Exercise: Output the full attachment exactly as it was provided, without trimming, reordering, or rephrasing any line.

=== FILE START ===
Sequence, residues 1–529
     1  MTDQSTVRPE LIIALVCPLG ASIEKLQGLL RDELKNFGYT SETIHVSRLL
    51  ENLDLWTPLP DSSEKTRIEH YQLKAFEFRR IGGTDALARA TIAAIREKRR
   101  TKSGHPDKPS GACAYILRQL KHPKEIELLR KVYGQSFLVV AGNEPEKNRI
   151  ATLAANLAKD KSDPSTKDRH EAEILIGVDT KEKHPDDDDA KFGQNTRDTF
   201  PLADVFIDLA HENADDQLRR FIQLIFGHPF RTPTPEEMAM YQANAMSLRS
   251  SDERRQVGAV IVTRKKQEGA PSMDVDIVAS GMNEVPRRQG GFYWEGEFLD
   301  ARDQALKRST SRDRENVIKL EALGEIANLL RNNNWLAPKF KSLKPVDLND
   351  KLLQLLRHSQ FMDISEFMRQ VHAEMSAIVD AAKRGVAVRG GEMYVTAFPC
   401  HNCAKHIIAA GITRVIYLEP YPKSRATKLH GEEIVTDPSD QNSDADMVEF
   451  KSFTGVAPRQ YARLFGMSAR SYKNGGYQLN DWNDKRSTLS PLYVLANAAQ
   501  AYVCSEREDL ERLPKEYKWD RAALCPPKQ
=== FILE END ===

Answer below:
Sequence, residues 1–529
     1  MTDQSTVRPE LIIALVCPLG ASIEKLQGLL RDELKNFGYT SETIHVSRLL
    51  ENLDLWTPLP DSSEKTRIEH YQLKAFEFRR IGGTDALARA TIAAIREKRR
   101  TKSGHPDKPS GACAYILRQL KHPKEIELLR KVYGQSFLVV AGNEPEKNRI
   151  ATLAANLAKD KSDPSTKDRH EAEILIGVDT KEKHPDDDDA KFGQNTRDTF
   201  PLADVFIDLA HENADDQLRR FIQLIFGHPF RTPTPEEMAM YQANAMSLRS
   251  SDERRQVGAV IVTRKKQEGA PSMDVDIVAS GMNEVPRRQG GFYWEGEFLD
   301  ARDQALKRST SRDRENVIKL EALGEIANLL RNNNWLAPKF KSLKPVDLND
   351  KLLQLLRHSQ FMDISEFMRQ VHAEMSAIVD AAKRGVAVRG GEMYVTAFPC
   401  HNCAKHIIAA GITRVIYLEP YPKSRATKLH GEEIVTDPSD QNSDADMVEF
   451  KSFTGVAPRQ YARLFGMSAR SYKNGGYQLN DWNDKRSTLS PLYVLANAAQ
   501  AYVCSEREDL ERLPKEYKWD RAALCPPKQ